Wednesday, May 4, 2016

Interview with Aimie K. Runyan, Author of Promised to the Crown + Tour-Wide Giveaway!!

First off, thank you so much for taking the time to stop by and answer some questions! Historical fiction is my all-time favorite genre and I’m always amazed at the myriad perspectives authors find to highlight for us readers. How do you decide what corners of history to write about?

I have always drawn to the unsung (or under-sung) contributions of women in history, and when I read an article or hear an anecdote about women in various places and times in history who were placed in challenging situations who overcame hardships, Writer Aimie’s brain starts to churn. If those women made lasting contributions to society, all the better. I don’t think I will limit myself to any one time and place in history—though France and its colonies will always be dear to me. I feel compelled to tell the stories of women who deserve to be celebrated.

The premise of your novel – three young women who leave prosperous France in 1667 for an uncertain future as the wives of men they do not know in Canada – is something I have never heard of before and so I am instantly fascinated! What drew you to this particular time and place in French and Canadian history?

I got the idea for Promised while I was in a class on Canadian Civilization in grad school. The professor mentioned the program where Louis XIV was sending women on the government’s dime (or sou, I suppose) to marry settlers. He needed a growing population to hold the colony against the British, and was willing to recruit marriageable women to do so. I was intrigued. I assume the professor got a good chuckle that evening after class because I’m sure I was sitting there with my mouth agape in the middle of her lecture. As luck would have it, I was also in a Creative Writing course, so I was in “mandatory story hunting mode”. I wrote what would later become the first chapter of PROMISED (at least for the first several drafts) as a short story for class. I filed it away after that, but finally decided it needed to become a novel 10 years later.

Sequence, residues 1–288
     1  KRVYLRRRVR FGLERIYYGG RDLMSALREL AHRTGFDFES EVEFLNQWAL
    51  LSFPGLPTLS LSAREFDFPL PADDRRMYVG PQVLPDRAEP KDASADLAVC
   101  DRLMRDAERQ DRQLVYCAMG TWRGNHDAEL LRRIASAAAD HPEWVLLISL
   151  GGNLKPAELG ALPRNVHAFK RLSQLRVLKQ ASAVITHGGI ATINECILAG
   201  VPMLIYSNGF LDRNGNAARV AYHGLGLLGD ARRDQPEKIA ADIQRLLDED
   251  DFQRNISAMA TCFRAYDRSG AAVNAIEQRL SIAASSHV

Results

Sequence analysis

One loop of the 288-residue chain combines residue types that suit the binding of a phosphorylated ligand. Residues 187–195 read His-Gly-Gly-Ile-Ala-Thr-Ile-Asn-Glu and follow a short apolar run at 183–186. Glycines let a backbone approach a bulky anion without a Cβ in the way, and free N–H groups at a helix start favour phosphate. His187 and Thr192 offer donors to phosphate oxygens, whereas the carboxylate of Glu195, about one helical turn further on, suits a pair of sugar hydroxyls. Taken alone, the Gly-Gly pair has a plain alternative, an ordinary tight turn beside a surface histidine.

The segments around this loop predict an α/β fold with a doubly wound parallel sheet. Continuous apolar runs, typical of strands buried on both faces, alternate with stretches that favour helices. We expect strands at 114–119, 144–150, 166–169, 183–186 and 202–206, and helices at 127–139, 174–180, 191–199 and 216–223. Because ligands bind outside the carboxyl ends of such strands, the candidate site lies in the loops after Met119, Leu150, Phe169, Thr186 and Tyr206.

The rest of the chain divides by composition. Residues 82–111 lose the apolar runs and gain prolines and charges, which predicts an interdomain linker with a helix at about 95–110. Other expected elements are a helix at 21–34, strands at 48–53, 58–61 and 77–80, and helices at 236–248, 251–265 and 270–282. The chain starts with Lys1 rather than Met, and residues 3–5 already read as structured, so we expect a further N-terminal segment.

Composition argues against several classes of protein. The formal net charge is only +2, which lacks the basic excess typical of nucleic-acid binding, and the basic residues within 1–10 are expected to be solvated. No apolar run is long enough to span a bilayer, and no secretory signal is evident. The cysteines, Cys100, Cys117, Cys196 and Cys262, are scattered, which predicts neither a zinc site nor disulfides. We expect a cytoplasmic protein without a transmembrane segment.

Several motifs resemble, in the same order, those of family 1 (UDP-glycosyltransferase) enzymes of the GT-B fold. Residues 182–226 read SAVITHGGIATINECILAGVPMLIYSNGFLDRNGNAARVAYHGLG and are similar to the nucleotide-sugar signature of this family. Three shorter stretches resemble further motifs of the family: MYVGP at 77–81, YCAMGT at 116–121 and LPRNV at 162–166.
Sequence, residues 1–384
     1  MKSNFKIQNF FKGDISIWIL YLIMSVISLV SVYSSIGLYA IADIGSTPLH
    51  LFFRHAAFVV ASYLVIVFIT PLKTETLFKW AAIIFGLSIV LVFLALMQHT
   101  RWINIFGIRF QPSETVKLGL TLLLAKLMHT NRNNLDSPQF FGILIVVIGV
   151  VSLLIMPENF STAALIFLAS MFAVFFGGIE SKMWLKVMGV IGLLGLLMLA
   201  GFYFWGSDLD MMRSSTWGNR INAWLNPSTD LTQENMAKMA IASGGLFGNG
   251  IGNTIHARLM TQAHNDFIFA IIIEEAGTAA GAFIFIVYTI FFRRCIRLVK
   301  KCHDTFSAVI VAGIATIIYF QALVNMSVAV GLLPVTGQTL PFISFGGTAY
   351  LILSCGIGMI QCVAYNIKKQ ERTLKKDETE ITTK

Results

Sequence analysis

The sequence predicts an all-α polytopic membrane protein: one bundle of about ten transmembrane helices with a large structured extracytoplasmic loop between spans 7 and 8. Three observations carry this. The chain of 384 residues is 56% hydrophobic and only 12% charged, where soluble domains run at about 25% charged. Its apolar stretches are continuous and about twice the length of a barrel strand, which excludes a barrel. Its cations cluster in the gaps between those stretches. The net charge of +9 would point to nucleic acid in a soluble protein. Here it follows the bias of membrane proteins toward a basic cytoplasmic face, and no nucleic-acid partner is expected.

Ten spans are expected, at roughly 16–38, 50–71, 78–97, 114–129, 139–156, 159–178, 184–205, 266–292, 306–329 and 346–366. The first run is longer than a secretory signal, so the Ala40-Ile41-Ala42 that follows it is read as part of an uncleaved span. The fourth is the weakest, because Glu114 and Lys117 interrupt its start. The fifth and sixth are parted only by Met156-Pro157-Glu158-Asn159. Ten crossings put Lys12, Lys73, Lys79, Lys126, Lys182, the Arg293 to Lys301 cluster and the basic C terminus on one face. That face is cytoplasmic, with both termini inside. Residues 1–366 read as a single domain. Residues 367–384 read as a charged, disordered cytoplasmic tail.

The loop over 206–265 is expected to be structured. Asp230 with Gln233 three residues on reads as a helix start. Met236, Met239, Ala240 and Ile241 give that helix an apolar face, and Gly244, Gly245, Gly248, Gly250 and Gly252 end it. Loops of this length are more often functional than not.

What in particular draws you to historical fiction? Are there any particular times in history you gravitate towards or do you just enjoy history in general?

I have loved historical fiction since I was a girl. My sisters read the Sweet Valley High books, and I was lukewarm on them until they released their “family history saga” that took us back 5 generations into the family and moved forward. I jumped up and down when they released the second book for the other side of the girls’ family. Since then, I have always gravitated toward historical fiction and historical romance. I think it’s the “transportative” element. I love being taken away from the present day. Of course I’m a sucker for a good Tudor-era story, but ancient England is also fantastic. Renaissance-era France and Italy are also among my favorites. 

What sort of research to you conduct when writing? Have you ever traveled to the locations before or during the writing process?

I was beyond fortunate to win a research grant from the Quebec government when I was working on my Master’s thesis (also about the King’s Daughters or filles du roi). I knew I wanted to come back to this topic one day in a novel, so I hunted down a lot of the “ambiance” pieces like clothing, housing, food, and daily life that might not be right for my paper, but which would be necessary for my book. I lived in Quebec City for about 3 months (not contiguous) and fell in love with the city. I’d move there in a heartbeat.

What does a typical day (if there is one) look like for you? How do you balance writing with the rest of your life?

I have two small children, so balance is an unachievable goal. I rush my son off to preschool in the morning and take my daughter to the rec center so I can write while she plays in the child watch area for two hours. I cram in as much as I can in that short window and finish what I can after they go to bed. I bring my iPad and headphones to drown out the noise, and I’ve trained myself to be productive. If all goes well, I’ll have a good deal more time when the next school year starts! My house is always a disaster and I’ve learned to accept it. I also try to be fully present wherever I am. If I am worrying about the kids when I’m writing or longing to write while it’s time to be with the kids, I’m not doing justice to either. It’s not easy, but I get better at it with every passing day. 

A lot of authors have become huge on social media, not only promoting their work but interacting with their readers and offering up giveaways, book recommendations, etc. Are you a big proponent of using social media in this way? How do you prefer to interact with your fans?

I love social media, Facebook in particular. I’m not sure how much it does for sales—that seems to vary widely based on how the author uses it—but I do love being accessible to my readers. I like to think of the giveaways as being rewards to those people who have been following me since this journey began. I’m less active on Twitter (still getting a feel for the medium) but please come find me on either or both platforms!!!